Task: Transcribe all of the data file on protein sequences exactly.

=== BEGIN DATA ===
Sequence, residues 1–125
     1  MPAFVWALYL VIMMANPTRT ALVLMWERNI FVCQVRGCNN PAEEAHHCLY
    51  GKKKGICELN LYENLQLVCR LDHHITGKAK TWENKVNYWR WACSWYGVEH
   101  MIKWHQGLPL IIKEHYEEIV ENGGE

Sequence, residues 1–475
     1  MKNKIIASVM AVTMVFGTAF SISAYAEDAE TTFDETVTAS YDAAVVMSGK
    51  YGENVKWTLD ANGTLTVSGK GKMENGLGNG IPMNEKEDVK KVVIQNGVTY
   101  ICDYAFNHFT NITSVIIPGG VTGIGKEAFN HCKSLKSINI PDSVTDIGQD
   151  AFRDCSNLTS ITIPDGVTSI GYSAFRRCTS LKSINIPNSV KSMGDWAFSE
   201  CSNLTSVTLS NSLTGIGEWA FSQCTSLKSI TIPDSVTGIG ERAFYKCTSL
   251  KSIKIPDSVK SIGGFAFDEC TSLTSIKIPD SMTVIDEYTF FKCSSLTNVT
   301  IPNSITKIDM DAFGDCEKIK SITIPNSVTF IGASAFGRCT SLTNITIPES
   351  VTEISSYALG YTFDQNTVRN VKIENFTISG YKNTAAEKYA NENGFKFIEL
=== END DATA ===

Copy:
Sequence, residues 1–125
     1  MPAFVWALYL VIMMANPTRT ALVLMWERNI FVCQVRGCNN PAEEAHHCLY
    51  GKKKGICELN LYENLQLVCR LDHHITGKAK TWENKVNYWR WACSWYGVEH
   101  MIKWHQGLPL IIKEHYEEIV ENGGE

Sequence, residues 1–475
     1  MKNKIIASVM AVTMVFGTAF SISAYAEDAE TTFDETVTAS YDAAVVMSGK
    51  YGENVKWTLD ANGTLTVSGK GKMENGLGNG IPMNEKEDVK KVVIQNGVTY
   101  ICDYAFNHFT NITSVIIPGG VTGIGKEAFN HCKSLKSINI PDSVTDIGQD
   151  AFRDCSNLTS ITIPDGVTSI GYSAFRRCTS LKSINIPNSV KSMGDWAFSE
   201  CSNLTSVTLS NSLTGIGEWA FSQCTSLKSI TIPDSVTGIG ERAFYKCTSL
   251  KSIKIPDSVK SIGGFAFDEC TSLTSIKIPD SMTVIDEYTF FKCSSLTNVT
   301  IPNSITKIDM DAFGDCEKIK SITIPNSVTF IGASAFGRCT SLTNITIPES
   351  VTEISSYALG YTFDQNTVRN VKIENFTISG YKNTAAEKYA NENGFKFIEL